POPE FRANCIS: LIKE JESUS, BE A WISE AND EXEMPLARY GUIDE OF OTHERS.
Below you have the ZENIT translation of the address Pope Francis gave March 3, 2019, before praying the midday Angelus with those gathered in St. Peter’s Square.
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Before the Angelus:
Dear Brothers and Sisters, good morning!
Today’s evangelical page presents brief parables, with which Jesus wants to point out to His disciples the way to follow to live with wisdom. With the question: “Can a blind man lead a blind man?” (Luke 6:39), He wishes to stress that a guide can’t be blind, but must see well, namely, he must have the wisdom to guide with wisdom, otherwise he risks causing harm to the persons who entrust themselves to him. So Jesus calls the attention of all those that have educative responsibility or of command: Pastors of souls, public authorities, lawmakers, teachers, parents, exhorting them to be aware of their delicate role and to always discern the right way on which to lead people.
And Jesus borrows a sapiential expression to indicate Himself as the model of teacher and guide to follow: “A disciple is not above His teacher, but everyone when he is fully taught, will be like his teacher” (v. 40). It’s an invitation to follow His example and His teaching to be sure and wise guides. And this teaching is enclosed especially in the Sermon on the Mount, which for three Sundays the liturgy proposes to us in the Gospel, indicating the attitude of meekness and of mercy to be sincere, humble and just persons. In today’s passage, we find another significant phrase, which exhorts us not to be presumptuous and hypocritical. It says thus: “Why do you see the speck that is in your brother’s eye, but do not notice the log that is in your own eye?” (v. 41). So many times, we all know it, it’s easier and more comfortable to see and condemn the defects and sins of others, without being able to see our own with as much lucidity. We always hide our defects, we hide them even from ourselves; instead, it’s easy to see others’ defects. The temptation is to be indulgent with oneself — to be easy going with oneself and hard with others. It’s always useful to help one’s neighbor with wise counsels; however, while we observe and correct the defects of our neighbor, we must be aware that we ourselves also have defects. If I think I don’t have any, I can’t condemn and correct others. We all have defects — all. We must be aware of <our defects> and, before condemning others, we must look within ourselves. Thus we can act in a credible way, with humility, witnessing charity.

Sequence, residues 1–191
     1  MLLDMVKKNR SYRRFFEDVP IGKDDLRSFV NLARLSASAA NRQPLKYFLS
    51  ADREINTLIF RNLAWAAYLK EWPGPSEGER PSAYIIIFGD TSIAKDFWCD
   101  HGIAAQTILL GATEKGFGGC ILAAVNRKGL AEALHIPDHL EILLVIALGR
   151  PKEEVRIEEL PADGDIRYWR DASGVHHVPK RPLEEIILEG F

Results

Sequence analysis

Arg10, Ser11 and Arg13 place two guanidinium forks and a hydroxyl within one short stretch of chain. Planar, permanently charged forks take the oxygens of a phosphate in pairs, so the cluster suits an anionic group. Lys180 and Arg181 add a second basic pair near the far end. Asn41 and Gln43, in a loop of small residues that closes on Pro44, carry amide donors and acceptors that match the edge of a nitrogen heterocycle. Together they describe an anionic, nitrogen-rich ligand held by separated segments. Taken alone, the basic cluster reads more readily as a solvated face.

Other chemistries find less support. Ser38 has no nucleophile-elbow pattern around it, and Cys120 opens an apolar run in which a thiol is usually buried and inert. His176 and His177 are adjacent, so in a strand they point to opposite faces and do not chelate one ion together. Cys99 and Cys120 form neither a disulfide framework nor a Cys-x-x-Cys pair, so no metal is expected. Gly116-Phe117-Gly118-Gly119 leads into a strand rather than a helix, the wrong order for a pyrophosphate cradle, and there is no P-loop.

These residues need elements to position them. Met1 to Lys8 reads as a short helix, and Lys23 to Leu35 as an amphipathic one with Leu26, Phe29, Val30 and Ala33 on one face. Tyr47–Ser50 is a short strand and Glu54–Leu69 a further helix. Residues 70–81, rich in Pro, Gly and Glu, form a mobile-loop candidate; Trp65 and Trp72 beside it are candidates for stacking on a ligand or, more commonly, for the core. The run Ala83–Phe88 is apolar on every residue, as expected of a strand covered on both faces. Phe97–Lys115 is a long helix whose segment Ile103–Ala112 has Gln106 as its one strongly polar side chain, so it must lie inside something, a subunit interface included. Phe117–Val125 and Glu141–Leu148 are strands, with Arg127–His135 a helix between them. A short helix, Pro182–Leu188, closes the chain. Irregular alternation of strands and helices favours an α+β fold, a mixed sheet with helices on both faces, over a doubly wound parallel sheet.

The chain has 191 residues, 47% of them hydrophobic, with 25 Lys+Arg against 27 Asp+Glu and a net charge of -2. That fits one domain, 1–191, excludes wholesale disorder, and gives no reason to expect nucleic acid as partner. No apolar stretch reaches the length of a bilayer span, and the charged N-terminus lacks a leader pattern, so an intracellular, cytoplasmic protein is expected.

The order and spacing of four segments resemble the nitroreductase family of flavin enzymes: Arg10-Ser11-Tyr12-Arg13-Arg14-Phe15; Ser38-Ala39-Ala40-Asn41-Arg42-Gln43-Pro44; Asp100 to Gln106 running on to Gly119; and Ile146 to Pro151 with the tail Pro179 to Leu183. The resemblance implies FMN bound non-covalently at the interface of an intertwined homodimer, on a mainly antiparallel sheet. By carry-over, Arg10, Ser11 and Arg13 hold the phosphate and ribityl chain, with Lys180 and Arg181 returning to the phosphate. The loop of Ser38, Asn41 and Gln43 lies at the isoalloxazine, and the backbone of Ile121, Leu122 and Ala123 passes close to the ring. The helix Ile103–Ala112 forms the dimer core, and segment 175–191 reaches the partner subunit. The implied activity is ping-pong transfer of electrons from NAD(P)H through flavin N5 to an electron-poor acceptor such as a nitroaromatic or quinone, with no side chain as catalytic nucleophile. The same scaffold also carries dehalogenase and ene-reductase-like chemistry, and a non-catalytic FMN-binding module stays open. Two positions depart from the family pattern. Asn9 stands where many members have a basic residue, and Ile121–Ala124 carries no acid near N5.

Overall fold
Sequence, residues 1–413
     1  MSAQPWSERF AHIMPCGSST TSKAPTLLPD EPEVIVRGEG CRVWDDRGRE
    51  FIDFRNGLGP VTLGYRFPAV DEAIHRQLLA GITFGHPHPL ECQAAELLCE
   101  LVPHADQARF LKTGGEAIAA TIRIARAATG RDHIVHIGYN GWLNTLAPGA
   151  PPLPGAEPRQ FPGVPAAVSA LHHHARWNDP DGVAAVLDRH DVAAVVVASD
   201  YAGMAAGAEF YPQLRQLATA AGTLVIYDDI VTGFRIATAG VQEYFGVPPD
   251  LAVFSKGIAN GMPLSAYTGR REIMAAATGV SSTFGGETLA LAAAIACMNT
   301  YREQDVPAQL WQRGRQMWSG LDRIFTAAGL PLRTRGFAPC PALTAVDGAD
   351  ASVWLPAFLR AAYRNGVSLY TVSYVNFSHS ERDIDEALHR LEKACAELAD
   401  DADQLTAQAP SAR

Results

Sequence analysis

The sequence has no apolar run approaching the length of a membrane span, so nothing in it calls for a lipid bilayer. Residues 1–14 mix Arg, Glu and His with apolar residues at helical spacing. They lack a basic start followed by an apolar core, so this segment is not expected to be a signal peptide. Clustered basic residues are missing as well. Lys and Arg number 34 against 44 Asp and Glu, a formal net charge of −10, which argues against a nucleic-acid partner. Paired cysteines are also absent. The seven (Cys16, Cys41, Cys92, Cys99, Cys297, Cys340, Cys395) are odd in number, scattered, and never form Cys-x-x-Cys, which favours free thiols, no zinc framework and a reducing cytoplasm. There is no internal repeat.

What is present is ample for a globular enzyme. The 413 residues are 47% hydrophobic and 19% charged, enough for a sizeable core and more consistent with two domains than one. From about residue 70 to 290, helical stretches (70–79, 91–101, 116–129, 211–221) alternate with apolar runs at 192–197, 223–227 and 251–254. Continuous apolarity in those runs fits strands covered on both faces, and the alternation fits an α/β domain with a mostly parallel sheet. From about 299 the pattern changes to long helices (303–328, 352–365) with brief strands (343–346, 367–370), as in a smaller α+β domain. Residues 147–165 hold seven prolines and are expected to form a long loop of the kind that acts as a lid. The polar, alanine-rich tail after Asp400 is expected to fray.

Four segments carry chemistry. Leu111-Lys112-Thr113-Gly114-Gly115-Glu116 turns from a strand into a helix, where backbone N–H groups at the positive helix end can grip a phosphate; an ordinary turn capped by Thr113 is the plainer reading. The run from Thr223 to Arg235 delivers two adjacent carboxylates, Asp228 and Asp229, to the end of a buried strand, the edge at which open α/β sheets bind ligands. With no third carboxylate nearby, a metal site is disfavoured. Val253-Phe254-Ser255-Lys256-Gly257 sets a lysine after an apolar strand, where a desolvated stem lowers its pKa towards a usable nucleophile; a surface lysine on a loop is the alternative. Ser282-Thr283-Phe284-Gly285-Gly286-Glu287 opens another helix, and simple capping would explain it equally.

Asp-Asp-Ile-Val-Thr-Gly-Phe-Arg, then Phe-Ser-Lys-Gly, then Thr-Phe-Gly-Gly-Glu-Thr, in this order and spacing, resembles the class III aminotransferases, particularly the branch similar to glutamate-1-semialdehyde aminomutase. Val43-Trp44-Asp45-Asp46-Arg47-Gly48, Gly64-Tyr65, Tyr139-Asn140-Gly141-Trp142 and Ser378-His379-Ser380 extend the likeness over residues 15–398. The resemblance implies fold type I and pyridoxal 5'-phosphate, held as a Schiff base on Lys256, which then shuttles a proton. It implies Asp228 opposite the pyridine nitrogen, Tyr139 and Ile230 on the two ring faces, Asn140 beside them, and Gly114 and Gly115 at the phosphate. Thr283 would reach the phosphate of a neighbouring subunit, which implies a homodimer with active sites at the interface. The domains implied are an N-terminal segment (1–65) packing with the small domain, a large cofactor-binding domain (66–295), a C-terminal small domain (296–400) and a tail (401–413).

How can we know if our eye is free or if a beam impedes it? It’s again Jesus who tells us: “For no good tree bears bad fruit, nor again does a bad tree bear good fruit; for each tree is known by its fruit” (vv. 43-44). The fruit is actions, but also words. Also from words, one knows the quality of the tree. In fact, one who is good brings out good from his heart and his mouth, and one who is evil brings out evil practicing the most deleterious exercise among us, which is murmuring, gossip, speaking badly of others. This destroys, it destroys the family, it destroys the school, it destroys the workplace, it destroys the neighborhood. Wars begin from the tongue. Let us think a bit about this teaching of Jesus and ask ourselves the question: do I speak badly of others? Do I always try to soil others? Is it easier for me to see the defects of others than my own? And let us try to correct ourselves at least a bit: it will do us all good.
We invoke the support and intercession of Mary to follow the Lord on this path.
© Libreria Editrice Vaticana
[Original text: Italian] [ZENIT’s translation by Virginia M. Forrester]